Proposal to build a Buddhist monument in Ashdon is withdrawn

PUBLISHED: 08:31 12 March 2018 | UPDATED: 13:02 12 March 2018

Plans for the Buddhist monument. Picture: Hibbs & Walsh Associates.

Plans for the Buddhist monument. Picture: Hibbs & Walsh Associates.


A planning application to build a Buddhist monument in Ashdon has been withdrawn following objections from local residents.

Lama Chime Rinpoche, from the Marpa House Community, said he had decided he did not wish to continue with the project as he did not want to “spoil the British culture and countryside”.

Ashdon resident Richard Shobbrook objected to the plans and said: “Rectory Lane is a single track, no through road, with no pedestrian paths, passing areas or parking places. It is used regularly by ramblers, dog-walkers and young children walking to the recreation ground.

“The increase in construction traffic and then shrine visitors would cause increased risk to those pedestrians and, whilst less important, damage to the narrow lane itself.”

Ashdon Parish Council, in consultation with the district council, said: “Members have no objections to a monument per se but have concerns regarding the height of the proposed structure, access up a narrow rural lane and parking for visitors and guests that may be visiting Marpa House and the monument in particular.”

A revised plan which reduced the height of the monument was submitted in January, however residents continued to express concern in objection letters to the council.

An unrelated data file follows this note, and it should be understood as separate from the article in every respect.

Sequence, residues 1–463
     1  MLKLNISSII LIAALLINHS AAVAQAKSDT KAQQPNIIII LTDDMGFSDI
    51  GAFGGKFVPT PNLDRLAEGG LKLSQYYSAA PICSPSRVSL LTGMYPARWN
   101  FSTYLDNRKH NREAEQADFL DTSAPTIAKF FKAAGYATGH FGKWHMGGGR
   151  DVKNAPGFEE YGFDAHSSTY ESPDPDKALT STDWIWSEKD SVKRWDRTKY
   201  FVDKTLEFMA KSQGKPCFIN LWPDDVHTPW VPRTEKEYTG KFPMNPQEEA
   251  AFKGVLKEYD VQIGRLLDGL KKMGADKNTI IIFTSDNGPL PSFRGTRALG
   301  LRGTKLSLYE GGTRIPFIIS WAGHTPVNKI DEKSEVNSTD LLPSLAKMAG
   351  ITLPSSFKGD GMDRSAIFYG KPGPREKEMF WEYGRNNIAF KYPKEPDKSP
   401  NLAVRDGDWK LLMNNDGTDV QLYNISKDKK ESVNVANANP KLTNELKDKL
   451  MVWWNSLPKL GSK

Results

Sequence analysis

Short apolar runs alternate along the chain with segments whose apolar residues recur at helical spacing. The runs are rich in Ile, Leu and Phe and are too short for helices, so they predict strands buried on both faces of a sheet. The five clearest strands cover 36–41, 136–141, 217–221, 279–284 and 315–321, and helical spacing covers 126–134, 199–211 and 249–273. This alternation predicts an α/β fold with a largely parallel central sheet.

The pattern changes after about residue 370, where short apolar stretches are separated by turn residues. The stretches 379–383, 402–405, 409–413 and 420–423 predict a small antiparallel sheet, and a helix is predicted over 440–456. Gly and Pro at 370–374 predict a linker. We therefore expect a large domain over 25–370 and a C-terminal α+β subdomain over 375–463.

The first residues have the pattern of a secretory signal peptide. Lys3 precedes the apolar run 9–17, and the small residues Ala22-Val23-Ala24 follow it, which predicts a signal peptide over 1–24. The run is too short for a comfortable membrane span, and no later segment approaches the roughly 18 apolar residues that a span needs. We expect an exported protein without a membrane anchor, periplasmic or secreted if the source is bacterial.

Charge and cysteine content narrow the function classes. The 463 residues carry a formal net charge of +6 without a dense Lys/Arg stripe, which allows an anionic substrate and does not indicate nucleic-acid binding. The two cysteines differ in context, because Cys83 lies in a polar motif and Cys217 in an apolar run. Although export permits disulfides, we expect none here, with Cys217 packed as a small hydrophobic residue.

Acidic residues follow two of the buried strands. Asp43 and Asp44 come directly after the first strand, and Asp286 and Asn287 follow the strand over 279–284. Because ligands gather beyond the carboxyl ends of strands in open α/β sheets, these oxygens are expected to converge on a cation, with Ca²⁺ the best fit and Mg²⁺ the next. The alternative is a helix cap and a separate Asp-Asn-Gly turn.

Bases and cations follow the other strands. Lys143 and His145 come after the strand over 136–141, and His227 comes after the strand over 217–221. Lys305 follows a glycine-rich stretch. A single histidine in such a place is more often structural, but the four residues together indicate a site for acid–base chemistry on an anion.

Julia Davies said: “The slight reduction in size of the monument in the revised plan does not change the fact that the monument will permanently alter the landscape and views of this uniquely unspoilt and historic village.”

On behalf of Marpa House, Keith Howell said Lama Chime Rinpoche had great affection for the village and had stopped the project to “keep Ashdon as a good English village”.

Mike Hibbs from architecture firm Hibbs and Walsh Associates, who prepared the application on behalf of Marpa House, said he was saddened by the decision but had the greatest respect for the Buddhist community’s decision to withdraw the application following objections from members of the public.


Welcome , please leave your message below.

Optional - JPG files only
Optional - MP3 files only
Optional - 3GP, AVI, MOV, MPG or WMV files

Please log in to leave a comment and share your views with other Dunmow Broadcast visitors.

We enable people to post comments with the aim of encouraging open debate.

Only people who register and sign up to our terms and conditions can post comments. These terms and conditions explain our house rules and legal guidelines.

Comments are not edited by Dunmow Broadcast staff prior to publication but may be automatically filtered.

If you have a complaint about a comment please contact us by clicking on the Report This Comment button next to the comment.

Not a member yet?

Register to create your own unique Dunmow Broadcast account for free.

Signing up is free, quick and easy and offers you the chance to add comments, personalise the site with local information picked just for you, and more.

Sign up now

More news stories

Most of us can only dream of owning a car worth over a quarter of a million pounds.

The Helena Romanes School and Sxith Form Centre in Dunmow will host an evening of spiritual mediumship on September 28.

Prayers for sunshine and cloudless skies were answered as thousands poured into Dunmow for the carnival on Saturday.

More than 130 houses could be built in Great Canfield under plans submitted to Uttlesford District Council (UDC).

Digital Edition

Read the Dunmow Broadcast e-edition E-edition

Most read stories

Newsletter Sign Up

Dunmow Broadcast weekly newsletter
Sign up to receive our regular email newsletter

Our Privacy Policy